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Millikan Lecture 2009: Physics for all: From special needs to Olympiads
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10.1119/1.3293130
/content/aapt/journal/ajp/78/4/10.1119/1.3293130
http://aip.metastore.ingenta.com/content/aapt/journal/ajp/78/4/10.1119/1.3293130

Figures

Image of Fig. 1.
Fig. 1.

A leaky pendulum. How does the period of a pendulum change as the water leaks out?

Image of Fig. 2.
Fig. 2.

Solution to the leaky pendulum. As water leaks out from a massless container, the effective length of the pendulum increases and the period increases. (The period change in the massless container is not linear.) If the mass of the container is taken into account, the effective length of the pendulum will first increase and subsequently decrease with corresponding changes in the period.

Image of Fig. 3.
Fig. 3.

Light rays and a converging lens. Light diverges from the tip of the arrow. Light is modeled as many rays, which travel through the lens and converge at the image. Only two of these rays of light (shown in bold) are used to locate the image in traditional ray diagrams. The use of only two rays can produce misconceptions in understanding.

Image of Fig. 4.
Fig. 4.

Split image. A point source of monochromatic light placed at a distance greater than the focal length of a converging lens produces an image point on the far side of the lens. When the lens is split into two halves as shown, two image points are produced. These coherent image points can create interference fringes on a distant screen.

Image of Fig. 5.
Fig. 5.

Split image quantoon. A “quantoon” illustration for the split image problem. Tomas Bunk, an artist with no physics background, learns physics as he creates images for physics problems.

Image of Fig. 6.
Fig. 6.

Newton’s first law. An illustration can help engage students and elicit their prior understandings of Newton’s first law. By using a cartoon, we have found that all students including English language learners and special needs students can fully participate and contribute to this introduction to the lesson.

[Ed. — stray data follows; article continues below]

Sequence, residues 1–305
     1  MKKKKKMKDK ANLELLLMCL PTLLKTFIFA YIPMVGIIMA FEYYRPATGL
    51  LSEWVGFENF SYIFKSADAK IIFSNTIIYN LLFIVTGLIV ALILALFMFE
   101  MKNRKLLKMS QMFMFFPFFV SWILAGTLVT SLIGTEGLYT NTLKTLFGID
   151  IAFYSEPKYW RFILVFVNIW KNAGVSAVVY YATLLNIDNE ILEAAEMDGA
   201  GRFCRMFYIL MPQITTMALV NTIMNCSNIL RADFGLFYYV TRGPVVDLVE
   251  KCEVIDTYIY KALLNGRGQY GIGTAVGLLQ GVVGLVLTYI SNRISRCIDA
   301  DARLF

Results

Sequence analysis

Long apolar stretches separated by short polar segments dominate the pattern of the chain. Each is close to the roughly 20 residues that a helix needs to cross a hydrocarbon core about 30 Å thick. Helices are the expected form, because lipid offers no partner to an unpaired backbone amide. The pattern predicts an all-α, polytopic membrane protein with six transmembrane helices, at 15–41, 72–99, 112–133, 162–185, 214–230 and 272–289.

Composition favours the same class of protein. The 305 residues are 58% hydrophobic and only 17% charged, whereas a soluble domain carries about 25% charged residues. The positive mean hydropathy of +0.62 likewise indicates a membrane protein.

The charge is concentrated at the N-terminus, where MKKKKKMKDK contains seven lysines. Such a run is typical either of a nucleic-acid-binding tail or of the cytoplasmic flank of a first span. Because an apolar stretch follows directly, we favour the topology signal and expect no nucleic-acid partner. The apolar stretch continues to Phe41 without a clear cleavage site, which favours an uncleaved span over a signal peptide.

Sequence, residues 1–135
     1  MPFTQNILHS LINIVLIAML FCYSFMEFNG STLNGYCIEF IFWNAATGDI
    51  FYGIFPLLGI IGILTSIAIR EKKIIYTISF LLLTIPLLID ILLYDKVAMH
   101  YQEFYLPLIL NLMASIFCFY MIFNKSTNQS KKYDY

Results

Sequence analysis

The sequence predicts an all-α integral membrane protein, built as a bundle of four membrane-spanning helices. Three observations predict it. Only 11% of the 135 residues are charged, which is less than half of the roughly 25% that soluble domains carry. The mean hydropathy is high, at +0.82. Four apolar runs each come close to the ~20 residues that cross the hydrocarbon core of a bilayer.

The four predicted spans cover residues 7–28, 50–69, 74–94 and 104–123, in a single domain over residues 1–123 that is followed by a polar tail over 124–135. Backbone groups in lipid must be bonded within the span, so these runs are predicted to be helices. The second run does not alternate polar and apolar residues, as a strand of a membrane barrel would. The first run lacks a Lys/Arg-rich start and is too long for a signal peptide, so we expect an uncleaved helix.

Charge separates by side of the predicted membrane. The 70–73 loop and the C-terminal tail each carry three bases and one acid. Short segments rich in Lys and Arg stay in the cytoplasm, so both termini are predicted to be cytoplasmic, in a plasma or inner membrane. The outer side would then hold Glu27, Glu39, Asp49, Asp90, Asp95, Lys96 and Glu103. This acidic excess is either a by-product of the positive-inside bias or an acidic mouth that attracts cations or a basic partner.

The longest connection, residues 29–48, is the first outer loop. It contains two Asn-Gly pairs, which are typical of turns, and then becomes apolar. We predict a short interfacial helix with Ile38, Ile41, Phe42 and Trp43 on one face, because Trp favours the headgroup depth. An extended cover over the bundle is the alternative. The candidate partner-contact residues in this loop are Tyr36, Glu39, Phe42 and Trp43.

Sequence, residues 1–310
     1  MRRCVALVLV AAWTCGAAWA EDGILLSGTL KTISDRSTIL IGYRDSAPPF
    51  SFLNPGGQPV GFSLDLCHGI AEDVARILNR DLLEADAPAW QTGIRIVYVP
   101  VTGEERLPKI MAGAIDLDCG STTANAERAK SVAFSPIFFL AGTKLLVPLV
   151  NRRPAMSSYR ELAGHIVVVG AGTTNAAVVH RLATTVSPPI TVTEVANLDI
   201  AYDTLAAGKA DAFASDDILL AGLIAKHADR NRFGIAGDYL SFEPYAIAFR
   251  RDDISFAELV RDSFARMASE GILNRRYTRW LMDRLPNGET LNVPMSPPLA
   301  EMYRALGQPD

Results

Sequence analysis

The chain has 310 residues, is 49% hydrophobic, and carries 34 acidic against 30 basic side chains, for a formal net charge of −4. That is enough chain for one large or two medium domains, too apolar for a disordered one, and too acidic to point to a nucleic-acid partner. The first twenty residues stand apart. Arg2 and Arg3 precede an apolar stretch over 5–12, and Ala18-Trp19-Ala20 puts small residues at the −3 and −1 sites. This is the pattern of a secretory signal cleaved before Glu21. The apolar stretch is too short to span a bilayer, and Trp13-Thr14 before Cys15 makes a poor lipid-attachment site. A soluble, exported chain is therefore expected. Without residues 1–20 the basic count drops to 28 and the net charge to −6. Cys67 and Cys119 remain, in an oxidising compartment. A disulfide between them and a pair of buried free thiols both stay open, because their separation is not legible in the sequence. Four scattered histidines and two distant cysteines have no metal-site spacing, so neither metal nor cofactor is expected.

Tables

Generic image for table
Table I.

Four essential questions. Four essential questions are returned to after every physics section or 3 days of instruction. These questions help the students summarize the new content (in this example, Newton’s second law) as well as guide students to understand the physics of each section in relation to the larger principles of all physics knowledge. In the left hand column are the four essential questions. In the right hand column, students are asked a specific question, shown in italics, about the new physics content. The text guides students in the “Why Do You Believe” question by describing how the new physics content “connects with other physics content; fits with big ideas in science; and meets physics requirements” prior to asking a specific question.

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/content/aapt/journal/ajp/78/4/10.1119/1.3293130
2010-03-11
2014-04-16
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752b84549af89a08dbdd7fdb8b9568b5 journal.articlezxybnytfddd
Scitation: Millikan Lecture 2009: Physics for all: From special needs to Olympiads
http://aip.metastore.ingenta.com/content/aapt/journal/ajp/78/4/10.1119/1.3293130
10.1119/1.3293130
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